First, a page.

This is the conclusion to 66 year old female CC: Chest pressure.
Let’s take another look at the 12-lead ECG.
Let’s break this down 3 leads at a time starting with leads I, II and III.
When you have artifact in a particular cardiac cycle you need to make a conscious effort not to let it influence your interpretation. So let’s look at this again with the second cardiac cycle removed.
Now we can see that ST-elevation is present in leads I, II and III. This would be unusual, but not impossible, for acute STEMI. However, pericarditis has to be a part of our differential diagnosis.
I’m always suspicious of pericarditis when I see ST-elevation in leads I and II. In addition, there is a “notched” J-point in lead I. However, the ST-segment is straight (non-concave) in leads II and III.
Now let’s look at leads aVR, aVL and aVF.
Again we need to make a decision as to which cardiac cycle we “trust”. I’m using the second cardiac cycle in my analysis.
There is a notched J-point in lead aVL but no ST-elevation (and it must be said, no reciprocal change in lead aVL which is almost always present with acute inferior STEMI). Lead III shows non-concave ST-elevation which favors acute STEMI.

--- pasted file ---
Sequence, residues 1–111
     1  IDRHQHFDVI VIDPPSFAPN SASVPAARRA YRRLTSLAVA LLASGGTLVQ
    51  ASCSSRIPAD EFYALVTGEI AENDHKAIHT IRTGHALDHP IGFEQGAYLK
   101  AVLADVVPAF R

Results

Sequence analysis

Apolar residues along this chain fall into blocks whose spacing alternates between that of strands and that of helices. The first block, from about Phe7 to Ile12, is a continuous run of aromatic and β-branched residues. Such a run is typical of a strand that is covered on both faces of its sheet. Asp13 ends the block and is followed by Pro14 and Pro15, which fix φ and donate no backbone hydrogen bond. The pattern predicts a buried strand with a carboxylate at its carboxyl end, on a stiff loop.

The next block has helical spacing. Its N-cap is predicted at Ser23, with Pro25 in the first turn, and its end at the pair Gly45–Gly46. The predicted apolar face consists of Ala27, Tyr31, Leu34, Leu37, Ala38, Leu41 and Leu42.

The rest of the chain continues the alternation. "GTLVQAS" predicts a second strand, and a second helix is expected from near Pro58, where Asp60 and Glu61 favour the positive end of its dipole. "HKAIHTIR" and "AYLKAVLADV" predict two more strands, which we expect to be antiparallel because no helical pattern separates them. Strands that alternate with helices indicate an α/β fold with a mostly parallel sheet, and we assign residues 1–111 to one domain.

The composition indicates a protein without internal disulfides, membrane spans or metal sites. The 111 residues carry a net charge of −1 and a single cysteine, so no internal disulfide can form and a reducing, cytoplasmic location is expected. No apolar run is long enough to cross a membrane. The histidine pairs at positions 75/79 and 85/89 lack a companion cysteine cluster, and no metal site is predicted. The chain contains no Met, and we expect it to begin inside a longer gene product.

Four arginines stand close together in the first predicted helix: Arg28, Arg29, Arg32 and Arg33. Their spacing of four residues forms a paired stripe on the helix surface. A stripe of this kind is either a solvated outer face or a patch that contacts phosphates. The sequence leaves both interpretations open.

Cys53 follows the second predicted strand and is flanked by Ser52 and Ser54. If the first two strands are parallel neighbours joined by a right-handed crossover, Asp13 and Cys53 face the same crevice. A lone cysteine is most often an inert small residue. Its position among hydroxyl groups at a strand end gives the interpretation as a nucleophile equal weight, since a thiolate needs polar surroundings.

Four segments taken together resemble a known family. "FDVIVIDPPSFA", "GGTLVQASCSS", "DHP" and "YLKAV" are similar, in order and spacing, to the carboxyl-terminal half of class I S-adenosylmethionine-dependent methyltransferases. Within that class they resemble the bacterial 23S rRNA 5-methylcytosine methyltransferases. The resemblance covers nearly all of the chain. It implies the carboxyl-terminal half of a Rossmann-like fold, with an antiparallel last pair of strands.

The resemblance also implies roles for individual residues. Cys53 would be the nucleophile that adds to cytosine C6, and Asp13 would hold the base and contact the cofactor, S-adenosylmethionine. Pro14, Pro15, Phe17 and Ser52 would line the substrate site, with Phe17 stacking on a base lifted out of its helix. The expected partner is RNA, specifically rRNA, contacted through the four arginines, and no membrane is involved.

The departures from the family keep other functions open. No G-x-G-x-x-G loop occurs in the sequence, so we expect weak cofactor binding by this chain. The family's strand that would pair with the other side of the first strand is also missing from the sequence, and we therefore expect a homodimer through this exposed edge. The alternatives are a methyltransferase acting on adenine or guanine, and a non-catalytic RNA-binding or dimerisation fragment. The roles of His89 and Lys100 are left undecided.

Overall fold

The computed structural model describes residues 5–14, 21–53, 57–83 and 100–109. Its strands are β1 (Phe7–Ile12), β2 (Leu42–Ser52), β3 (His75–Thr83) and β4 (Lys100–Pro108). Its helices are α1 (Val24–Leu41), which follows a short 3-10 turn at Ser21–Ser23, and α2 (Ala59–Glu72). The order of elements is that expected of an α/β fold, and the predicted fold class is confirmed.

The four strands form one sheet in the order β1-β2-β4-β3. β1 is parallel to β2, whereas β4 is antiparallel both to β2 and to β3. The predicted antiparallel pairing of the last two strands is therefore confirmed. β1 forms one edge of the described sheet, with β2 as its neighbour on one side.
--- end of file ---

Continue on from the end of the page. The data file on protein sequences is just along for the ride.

Now let’s examine the right precordial leads V1, V2 and V3.
If you take nothing else away from this post, commit this ECG pattern to memory! This is highly suspicious for the reciprocal changes of acute posterior STEMI! The R/S ratio is > 1 in lead V2 (increased R-wave amplitude) and we have > 1 mm ST-depression in leads V1-V3.
Garcia and Holtz call these “carousel ponies”. Imagine the R-wave is a pole and the ST-depression is the saddle. This is an important 12-lead ECG finding and one that must be taken seriously.
If this was the ONLY abnormal finding on this ECG I would call it a STEMI (assuming clinical correlation). But, I would capture modified posterior leads V7-V9 just to have an ECG in my hand that showed the STEMI. Otherwise, there is a chance the patient’s reperfusion would be delayed by a well-meaning clinician who decided it was NSTEMI and not STEMI.
Finally, let’s look at the left precordial leads V4, V5 and V6.
The poor data quality here is unfortunate, because leads V5 and V6 probably show > 1 mm of ST-elevation here (which meet the conventional STEMI criteria). It can’t be stressed often enough. It’s critically important to obtain a clean tracing on a chest pain patient.
In this case, it all worked out well. The paramedics and the emergency physician agreed that it was an acute STEMI and the cardiac cath lab was activated.
Angiography revealed 100% occlusion of the obtuse marginal (major branch of the left circumflex). The lesion was crossed with a wire, the balloon was inflated, and a stent was successfully placed with successful reperfusion.
This ECG reminded me a little bit of the second ECG from 66 year old male CC: Chest pain (at least in the precordial leads).